Thursday, August 19, 2010

People magazine releases slow downloading iPad app; once downloaded, though, this app is state-of-the-art

I will admit that People magazine is not my cup of tea, but a new app from Time Inc. is certainly worth looking at in detail -- especially since the other media websites don't seem to download and actually look at the apps they post about.

So I went into iTunes and dutifully downloaded the free iPad app from People. Once installed individual issues will set you back $3.99 per edition. Time Inc. can be pretty much guaranteed that they will receive the same level of vitriol about charging newsstand prices for an electronic product as they have for their other media apps.
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The People magazine app, however, does give a bit of love to existing print subscribers, however. Inside the app current subscribers are allowed to sign in and view their issues at no additional cost.

{As an aside, let me add that this situation -- where print subscribers can read their issues for free through an app -- is the reason I think charging a minimal fee for the app is a good idea. Yes, it is a double charge, but iPad owners don't see a 99 cent or $1.99 charge as excessive.}

As a non-subscriber, though, I needed to buy that single issue. Luckily, I have teenage daughters that have on rare occasion purchased a copy of People magazine, so the $3.99 cost might result in actual readership.
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But this is where the reader experience went south in a hurry. My iPad processed the purchase with no problem and the issue began its download.

Now being used to purchasing issues like this through using the Zinio newsstand app, I would expected my issue to be available within a minute or two, max.

No. The download time for an issue of People far exceeds the time to takes to read an entire issue. It is painful in the extreme. A half hour later my paid copy of the August 30th edition of People was finally available.



The pain that the reader must endure to actually use this app can, of course, be eliminated with additional bandwidth or server speed on Time's side of the equation. If they do this, readers will find that their issues of People for the iPad are a vastly superior experience to the print edition. In other words, the wait is worth it (I suppose).

OK, let's not even discuss the editorial contents of this magazine -- I am not, nor ever have been the target audience for People. But after being bombarded with weeks of GZM stories I would think that sitting down with this iPad magazine would be a relief.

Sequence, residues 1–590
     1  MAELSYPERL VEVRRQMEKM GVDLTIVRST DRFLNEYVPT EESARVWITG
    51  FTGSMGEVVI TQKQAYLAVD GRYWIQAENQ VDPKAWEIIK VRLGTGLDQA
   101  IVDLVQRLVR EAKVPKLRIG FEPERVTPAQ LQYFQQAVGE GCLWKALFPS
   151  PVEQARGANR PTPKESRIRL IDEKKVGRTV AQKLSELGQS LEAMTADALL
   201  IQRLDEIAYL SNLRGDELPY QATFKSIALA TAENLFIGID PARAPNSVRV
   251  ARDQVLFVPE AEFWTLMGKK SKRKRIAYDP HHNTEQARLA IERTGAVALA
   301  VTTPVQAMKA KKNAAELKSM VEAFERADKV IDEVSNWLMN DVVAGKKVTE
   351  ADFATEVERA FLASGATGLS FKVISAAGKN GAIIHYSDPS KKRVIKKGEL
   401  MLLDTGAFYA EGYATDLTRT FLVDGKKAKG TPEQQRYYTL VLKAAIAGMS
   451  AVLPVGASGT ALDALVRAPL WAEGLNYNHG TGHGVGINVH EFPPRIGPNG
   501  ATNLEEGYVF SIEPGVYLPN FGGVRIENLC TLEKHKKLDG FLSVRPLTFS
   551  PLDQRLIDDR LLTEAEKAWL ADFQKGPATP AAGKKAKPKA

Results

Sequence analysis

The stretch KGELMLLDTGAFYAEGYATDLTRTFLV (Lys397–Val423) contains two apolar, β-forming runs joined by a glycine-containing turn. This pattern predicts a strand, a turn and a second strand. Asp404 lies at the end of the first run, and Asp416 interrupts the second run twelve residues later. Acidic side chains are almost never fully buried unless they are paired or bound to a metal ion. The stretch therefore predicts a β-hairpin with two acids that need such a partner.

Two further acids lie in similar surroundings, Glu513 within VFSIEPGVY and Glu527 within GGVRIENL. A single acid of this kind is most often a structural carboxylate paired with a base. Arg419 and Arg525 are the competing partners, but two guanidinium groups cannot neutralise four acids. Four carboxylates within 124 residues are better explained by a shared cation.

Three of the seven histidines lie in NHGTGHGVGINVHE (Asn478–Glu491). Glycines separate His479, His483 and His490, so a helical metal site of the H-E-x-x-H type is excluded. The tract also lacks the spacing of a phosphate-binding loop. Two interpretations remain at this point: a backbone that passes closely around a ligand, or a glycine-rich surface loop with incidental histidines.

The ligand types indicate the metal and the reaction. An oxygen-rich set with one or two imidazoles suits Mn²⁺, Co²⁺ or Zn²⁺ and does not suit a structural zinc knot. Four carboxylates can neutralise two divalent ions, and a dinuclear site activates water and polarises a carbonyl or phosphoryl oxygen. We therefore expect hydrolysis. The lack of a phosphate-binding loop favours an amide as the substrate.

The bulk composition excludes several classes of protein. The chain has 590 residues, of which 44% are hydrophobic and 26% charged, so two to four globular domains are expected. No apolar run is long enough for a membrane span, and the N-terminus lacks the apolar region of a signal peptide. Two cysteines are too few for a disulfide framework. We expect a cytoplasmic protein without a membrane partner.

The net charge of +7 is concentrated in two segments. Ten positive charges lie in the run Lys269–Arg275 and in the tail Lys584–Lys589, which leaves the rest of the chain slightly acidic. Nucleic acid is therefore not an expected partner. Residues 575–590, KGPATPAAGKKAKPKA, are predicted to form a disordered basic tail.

Not all publishers will have access to all the video and other artwork at the disposal of the editors at People, but they use this added content to great effect. Further, the navigation used for this app is state-of-the-art. Every publisher and editor looking to see what others are doing should go here first.

Finally, advertising: again, the staff has done its work, with ads that have both portrait and landscape designs, as well as added multimedia content.


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Left: If you can sit through the download times, eventually you will be rewarded with an actual issue to read -- and your iTunes account will be dinged $3.99.
Middle: What did you expect. glamour shots of Paul Krugman walking around Princeton with his iPad?
Right: Applause for the ad and production staffs as they got their clients to provide portrait and landscape creative and added video, as well.


My guess is that this app from Time Inc. will get both five-star and one-star reviews in iTunes. The pricing model of charging newsstand prices for iPad app just rubs some people the wrong way. But if a print magazine were no longer available on the newsstand would they feel the say way? I doubt it.

Besides, this version of the magazine is a superior experience to print in so many ways that it is hard to argue about the pricing -- especially when print subscribers will have access to this at no additional cost.


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While finishing up this look at the new People iPad app my e-mail in-box sang a little song indicating that I had new mail. There, unusually, was a promotional message from Apple.

Apple does a good job of not spamming its customers -- thank God. With the number of Mac products, iPhones, iPads and iTunes accounts that exist in my household it would get really ugly with Apple were a spammer.

But this promotional e-mail highlighted apps to buy in iTunes and I immediately expected to see a push for the new People magazine app. But this kind of coordination does not exist right now. Part of the reason may simply be that no one seems to know when their app will be approved, making promotion very hard to schedule.

This particular promotional e-mail contained information on only one app -- Sonic Mule's Glee app -- and two accessories. It turns out that I already own two of the three items in the promotional e-mail, showing, I suppose, that Apple is not digging too deeply into its information archives.

1 Comment:

Anonymous said...

You are lucky. I downloaded this as a gift to my wife, it's her iPad and I borrowed it to download this for her, so she can get into "eReading" a bit more.
I purchased the issue around 12:30PM, it's 4:06 PM and the thing has not even gone thru 1/4 of the download.

Maybe is the interest on the Tiger's ex issue, but I dont think so.